While passwords need to go away, they won’t disappear overnight. So, we highly recommend you – and the internet world – follow some guidelines from the National Institute of Standards and Technology (NIST) in managing your online presence.
For individuals and small businesses, managing hundreds of passwords for all the websites and resources you need to access requires a concentrated effort. Every organization with which you interact online has to manage your password and everyone else’s. Website managers and administrators work hard to roll out security strategies, but piecemeal security strategies are ineffective and risky. There are too many cracks for passwords and other measures to fall through. Ad hoc strategies leave room for errors that could put customers’ data in jeopardy. This is where NIST comes into play and understanding what’s behind their guidelines can help you take some action for your online security.
Part of the Department of Commerce, the NIST develops guidelines based on best practices from a diverse array of security organizations and publications. NIST guidelines are so well-respected that private sector organizations have adopted them to keep their entire infrastructures secure. They affect some of the requirements you get when creating your own passwords – which you need to follow because they are in response to newer, more powerful threats.
Here are some of the most important new guidelines that NIST has issued to those who provide the services that manage internet access. You can expect them to affect you.
- Go long: The suggested minimum is 8 characters when a human sets a password and 6 when it’s set by automation. However, NIST encourages users to create passwords with 64 characters or more, including things like spaces and emojis. They’ll be harder to crack.
- Remove reset requirements: As users struggle to drum up countless creative, strong new passwords each month, they end up creating weaker passwords. Password strength should be about quality, not quantity—one excellent password is better than 10 new, mediocre ones.
- Keep it simple: How often have you created a new account, for a new application, online store, or digital news outlet, and encountered the prompt, “your password must contain one lowercase letter, one uppercase letter, one number, and one symbol”? Overly complex passwords can lead to poor password behavior, just as with frequent resets.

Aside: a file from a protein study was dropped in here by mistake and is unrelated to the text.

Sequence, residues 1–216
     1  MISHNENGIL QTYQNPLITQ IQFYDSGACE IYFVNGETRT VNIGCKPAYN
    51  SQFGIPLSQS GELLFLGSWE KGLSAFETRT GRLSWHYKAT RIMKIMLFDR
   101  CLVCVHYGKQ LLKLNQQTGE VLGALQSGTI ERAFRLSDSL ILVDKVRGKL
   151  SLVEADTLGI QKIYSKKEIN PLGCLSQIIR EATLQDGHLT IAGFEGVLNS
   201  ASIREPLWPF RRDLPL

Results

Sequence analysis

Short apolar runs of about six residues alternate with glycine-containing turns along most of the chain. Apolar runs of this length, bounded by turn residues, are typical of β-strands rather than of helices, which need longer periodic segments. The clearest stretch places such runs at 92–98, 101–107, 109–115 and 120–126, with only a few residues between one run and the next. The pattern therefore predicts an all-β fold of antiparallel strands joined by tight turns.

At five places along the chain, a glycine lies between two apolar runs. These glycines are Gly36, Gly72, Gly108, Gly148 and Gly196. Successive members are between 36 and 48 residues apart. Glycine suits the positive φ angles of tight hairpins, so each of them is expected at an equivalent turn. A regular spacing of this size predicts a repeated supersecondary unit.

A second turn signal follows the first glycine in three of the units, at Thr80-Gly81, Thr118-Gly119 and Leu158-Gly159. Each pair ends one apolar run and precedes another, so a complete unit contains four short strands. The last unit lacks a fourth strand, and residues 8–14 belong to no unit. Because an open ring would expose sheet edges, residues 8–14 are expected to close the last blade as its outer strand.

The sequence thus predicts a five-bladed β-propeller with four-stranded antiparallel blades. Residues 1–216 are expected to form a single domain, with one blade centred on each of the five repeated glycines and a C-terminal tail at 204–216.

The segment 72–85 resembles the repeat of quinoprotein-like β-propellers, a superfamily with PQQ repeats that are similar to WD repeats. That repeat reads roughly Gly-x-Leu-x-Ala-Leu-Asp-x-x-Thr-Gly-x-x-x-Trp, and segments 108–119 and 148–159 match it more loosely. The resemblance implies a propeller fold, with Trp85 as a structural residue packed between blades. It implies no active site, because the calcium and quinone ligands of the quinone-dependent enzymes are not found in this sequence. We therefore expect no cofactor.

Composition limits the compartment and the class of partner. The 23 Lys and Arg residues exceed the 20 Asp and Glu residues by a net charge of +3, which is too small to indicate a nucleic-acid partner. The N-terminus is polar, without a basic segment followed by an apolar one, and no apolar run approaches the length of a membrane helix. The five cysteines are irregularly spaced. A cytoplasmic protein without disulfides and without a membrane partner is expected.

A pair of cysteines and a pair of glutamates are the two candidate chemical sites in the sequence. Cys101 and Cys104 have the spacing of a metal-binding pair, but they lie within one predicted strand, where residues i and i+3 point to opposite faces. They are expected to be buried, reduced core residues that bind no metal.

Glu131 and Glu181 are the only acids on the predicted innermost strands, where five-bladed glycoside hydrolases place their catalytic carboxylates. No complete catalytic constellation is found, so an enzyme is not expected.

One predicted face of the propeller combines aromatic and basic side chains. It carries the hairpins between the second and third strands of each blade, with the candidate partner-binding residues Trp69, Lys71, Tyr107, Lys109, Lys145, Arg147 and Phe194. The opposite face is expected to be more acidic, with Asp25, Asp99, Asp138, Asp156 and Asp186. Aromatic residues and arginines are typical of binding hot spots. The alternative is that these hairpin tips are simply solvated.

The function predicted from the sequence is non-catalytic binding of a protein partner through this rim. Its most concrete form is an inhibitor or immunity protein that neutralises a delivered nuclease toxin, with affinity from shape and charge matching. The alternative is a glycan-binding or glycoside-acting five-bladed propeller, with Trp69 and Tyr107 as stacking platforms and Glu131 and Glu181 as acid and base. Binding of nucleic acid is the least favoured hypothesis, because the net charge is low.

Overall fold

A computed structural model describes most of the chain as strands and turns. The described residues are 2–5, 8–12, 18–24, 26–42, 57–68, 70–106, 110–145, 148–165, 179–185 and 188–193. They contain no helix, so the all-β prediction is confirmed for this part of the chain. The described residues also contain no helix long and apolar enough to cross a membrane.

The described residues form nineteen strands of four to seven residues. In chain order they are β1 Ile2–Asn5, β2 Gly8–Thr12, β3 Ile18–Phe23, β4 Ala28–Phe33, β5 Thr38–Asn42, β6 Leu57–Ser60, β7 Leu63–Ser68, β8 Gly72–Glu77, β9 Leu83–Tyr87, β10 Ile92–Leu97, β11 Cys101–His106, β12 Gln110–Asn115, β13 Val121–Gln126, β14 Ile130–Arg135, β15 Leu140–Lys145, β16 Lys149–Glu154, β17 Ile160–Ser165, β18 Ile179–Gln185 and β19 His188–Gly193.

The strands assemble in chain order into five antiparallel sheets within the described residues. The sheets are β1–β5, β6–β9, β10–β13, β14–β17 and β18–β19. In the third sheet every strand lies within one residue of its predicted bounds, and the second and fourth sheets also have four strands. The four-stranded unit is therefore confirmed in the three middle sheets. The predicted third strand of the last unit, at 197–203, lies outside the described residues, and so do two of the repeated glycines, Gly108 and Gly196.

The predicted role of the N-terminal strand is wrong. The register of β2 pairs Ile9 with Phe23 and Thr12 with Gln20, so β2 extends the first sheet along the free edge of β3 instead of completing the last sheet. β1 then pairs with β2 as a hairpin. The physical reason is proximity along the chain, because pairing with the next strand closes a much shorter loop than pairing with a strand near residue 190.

- Be more user-friendly affair: The “show password while typing” is a rare option that can let you use longer, stronger passwords because you don’t have to remember all those gyrations you created. Another friendly option is to allow users to copy and paste passwords. Users who are allowed to copy and paste their passwords are more likely to create and store stronger, lengthier passwords within password managers than those who are forced to type out their password every single time.
- Go clueless: Knowledge-based authentication clues can save time, but with all the personal data available today, it’s easier than ever for hackers to decode hint prompts and breach systems.
- Limit attempts: NIST password standards recommend providing users with a maximum of 10 login attempts before they are turned away. That should be enough to aid a forgetful user but not assist brute-force attackers.
- Go hands-free: SMS texting services should not be a part of any two-factor authentication (2FA) process. It isn’t entirely secure, enabling cybercriminals to insert malware that can redirect text messages and facilitate attacks against the mobile phone network.
NIST standards and the guidelines listed above are important because newer, more powerful cyberthreats will always be deployed. As a user, you need to be aware of newer and better security options. We continue to advocate for biometrics and other measures that are unique to you – and only you – to allow access to your online world.
For most of us, a password manager that works across all the platforms you and your family or businesses use is still a strong defense against hackers. We like Dashlane because its paid version covers an unlimited number of website passwords across multiple devices. For those of you with the right technology, you can start to take advantage of other techniques to access your protected websites. Contact us by phone – 973-433-6676 – or email to discuss your needs and see how we can make you more secure.
- 14 Jan, 2020
- Norman Rosenthal
- 0 Comments
- cybersecurity, NIST, password, risk management,